Fitbit: You Had Me at Smooches

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Project Infobox Question-icon.png
Self researcher(s) Colette Ellis
Related tools Fitbit
Related topics Sports and fitness, Social life and social media

Builds on project(s)
Has inspired Projects (0)
Show and Tell Talk Infobox
Featured image Fitbit-you-had-me-at-smooches.jpg
Date 2013/08/15
Event name New York Meetup
UI icon information.png This content was automatically imported. See here how to improve it if any information is missing or out outdated.

Fitbit: You Had Me at Smooches is a Show & Tell talk by Colette Ellis that has been imported from the Quantified Self Show & Tell library.The talk was given on 2013/08/15 and is about Sports and fitness, and Social life and social media.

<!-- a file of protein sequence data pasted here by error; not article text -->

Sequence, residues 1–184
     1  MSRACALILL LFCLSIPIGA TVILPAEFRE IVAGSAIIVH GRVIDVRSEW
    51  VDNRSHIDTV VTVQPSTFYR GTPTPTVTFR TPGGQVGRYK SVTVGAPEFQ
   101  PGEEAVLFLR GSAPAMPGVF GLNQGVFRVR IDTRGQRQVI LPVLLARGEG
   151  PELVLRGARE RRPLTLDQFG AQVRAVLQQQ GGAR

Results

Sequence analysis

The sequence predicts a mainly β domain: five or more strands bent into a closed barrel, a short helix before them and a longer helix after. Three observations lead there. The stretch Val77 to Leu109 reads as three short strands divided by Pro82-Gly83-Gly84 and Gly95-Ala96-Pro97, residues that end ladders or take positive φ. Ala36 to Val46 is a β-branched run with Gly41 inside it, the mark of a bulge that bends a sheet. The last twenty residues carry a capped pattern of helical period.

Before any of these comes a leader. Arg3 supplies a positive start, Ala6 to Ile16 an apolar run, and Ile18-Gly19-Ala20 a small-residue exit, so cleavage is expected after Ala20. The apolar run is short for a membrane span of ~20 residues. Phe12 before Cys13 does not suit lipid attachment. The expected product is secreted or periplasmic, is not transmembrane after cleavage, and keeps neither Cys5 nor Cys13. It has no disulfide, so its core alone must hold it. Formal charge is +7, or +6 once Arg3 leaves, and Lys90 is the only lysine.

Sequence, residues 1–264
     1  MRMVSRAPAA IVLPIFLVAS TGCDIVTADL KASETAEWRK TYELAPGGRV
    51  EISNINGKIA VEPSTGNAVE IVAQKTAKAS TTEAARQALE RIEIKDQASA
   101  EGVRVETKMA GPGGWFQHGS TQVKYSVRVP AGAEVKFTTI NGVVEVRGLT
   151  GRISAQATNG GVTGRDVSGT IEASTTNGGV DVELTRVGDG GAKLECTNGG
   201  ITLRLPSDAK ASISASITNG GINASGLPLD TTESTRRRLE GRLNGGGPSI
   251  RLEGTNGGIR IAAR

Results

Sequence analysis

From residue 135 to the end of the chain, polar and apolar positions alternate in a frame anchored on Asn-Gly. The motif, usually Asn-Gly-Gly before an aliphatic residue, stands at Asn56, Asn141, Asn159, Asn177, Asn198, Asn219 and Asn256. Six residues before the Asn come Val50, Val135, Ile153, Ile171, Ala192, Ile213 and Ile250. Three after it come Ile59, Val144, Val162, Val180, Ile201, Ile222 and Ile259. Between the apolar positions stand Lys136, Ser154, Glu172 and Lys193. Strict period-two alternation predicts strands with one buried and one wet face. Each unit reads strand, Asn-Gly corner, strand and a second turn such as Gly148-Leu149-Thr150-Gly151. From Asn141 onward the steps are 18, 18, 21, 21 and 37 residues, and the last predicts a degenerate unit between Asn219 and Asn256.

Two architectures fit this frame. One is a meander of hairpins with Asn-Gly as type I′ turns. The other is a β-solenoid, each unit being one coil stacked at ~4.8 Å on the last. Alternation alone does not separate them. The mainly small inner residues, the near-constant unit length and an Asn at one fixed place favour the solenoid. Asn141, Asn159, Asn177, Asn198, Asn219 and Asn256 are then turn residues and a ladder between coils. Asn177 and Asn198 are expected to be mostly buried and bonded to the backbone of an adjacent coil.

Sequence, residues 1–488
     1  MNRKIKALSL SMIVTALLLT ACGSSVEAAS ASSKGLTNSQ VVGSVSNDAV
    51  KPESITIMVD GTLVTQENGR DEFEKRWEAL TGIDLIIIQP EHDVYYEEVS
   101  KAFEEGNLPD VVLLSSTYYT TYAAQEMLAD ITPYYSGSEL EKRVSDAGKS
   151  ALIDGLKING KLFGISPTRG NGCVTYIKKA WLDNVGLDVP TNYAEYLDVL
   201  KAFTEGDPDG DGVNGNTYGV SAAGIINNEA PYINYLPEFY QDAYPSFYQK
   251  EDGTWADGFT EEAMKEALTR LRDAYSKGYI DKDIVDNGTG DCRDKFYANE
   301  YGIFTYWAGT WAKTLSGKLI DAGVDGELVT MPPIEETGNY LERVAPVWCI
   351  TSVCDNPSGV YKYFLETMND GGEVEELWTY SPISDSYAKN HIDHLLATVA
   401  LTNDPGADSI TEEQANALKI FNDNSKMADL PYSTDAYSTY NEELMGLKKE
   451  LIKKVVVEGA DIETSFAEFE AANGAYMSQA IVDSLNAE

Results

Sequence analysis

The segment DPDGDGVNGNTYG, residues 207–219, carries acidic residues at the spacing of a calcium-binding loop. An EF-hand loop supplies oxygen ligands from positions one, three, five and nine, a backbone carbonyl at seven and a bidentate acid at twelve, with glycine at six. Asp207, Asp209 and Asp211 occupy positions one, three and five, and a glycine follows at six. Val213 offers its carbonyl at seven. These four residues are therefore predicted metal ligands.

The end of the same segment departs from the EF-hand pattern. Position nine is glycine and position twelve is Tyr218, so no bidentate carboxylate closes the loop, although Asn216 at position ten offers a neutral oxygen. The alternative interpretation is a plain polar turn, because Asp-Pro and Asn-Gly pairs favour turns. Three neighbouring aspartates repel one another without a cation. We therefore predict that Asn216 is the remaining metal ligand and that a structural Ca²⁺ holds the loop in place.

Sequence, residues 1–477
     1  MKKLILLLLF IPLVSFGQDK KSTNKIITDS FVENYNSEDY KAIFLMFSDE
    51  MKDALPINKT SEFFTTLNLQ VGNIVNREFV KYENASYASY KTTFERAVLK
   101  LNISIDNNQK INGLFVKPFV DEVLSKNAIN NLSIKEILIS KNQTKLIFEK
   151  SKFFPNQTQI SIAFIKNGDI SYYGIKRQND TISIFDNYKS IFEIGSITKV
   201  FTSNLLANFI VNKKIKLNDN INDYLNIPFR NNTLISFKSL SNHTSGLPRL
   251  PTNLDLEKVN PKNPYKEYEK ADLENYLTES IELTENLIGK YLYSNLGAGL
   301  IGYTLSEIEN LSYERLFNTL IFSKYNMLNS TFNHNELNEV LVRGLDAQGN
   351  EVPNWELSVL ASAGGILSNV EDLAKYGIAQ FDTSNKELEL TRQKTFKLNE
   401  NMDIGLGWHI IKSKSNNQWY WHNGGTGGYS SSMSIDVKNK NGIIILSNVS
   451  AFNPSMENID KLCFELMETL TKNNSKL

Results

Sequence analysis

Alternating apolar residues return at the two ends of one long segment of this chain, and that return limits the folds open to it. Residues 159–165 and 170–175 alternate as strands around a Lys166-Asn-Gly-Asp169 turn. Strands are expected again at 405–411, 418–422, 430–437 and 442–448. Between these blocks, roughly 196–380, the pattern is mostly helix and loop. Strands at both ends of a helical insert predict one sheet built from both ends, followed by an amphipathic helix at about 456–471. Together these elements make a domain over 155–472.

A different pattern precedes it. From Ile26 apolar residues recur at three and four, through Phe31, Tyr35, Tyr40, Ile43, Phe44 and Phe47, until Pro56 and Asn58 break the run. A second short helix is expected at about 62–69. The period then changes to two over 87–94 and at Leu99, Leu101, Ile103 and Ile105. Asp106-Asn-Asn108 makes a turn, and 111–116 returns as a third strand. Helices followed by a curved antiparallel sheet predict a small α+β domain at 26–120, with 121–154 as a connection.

Description[edit | edit source]

A description of this project as introduced by Quantified Self follows:

Colette Ellis is a Wellness Coach & Consultant, Author, and speaker. In this talk, Collettte discusses her journey using Fitbit, podcasts, and social media to uncover new revelations about her own mind-body health, and identify new ways to support her clients in their overall health and well-being. She tries to understand if Fitbit engages her and if it helps changes her behavior.

Video and transcript[edit | edit source]

A transcript of this talk is below:

Colette Ellis

Fitbit - You Had Me at Smooches